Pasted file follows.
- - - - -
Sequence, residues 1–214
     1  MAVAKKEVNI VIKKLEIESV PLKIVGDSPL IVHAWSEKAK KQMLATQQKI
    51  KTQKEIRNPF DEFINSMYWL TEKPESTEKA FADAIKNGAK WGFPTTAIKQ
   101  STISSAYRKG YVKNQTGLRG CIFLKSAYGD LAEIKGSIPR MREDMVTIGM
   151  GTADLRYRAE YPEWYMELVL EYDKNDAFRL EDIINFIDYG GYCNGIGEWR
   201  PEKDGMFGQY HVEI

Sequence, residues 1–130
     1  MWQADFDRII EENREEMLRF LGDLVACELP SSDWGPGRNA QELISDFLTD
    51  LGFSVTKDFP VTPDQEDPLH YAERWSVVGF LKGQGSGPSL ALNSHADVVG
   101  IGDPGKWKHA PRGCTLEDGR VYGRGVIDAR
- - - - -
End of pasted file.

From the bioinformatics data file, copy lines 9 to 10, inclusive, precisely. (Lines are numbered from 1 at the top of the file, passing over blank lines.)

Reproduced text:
    51  LGFSVTKDFP VTPDQEDPLH YAERWSVVGF LKGQGSGPSL ALNSHADVVG
   101  IGDPGKWKHA PRGCTLEDGR VYGRGVIDAR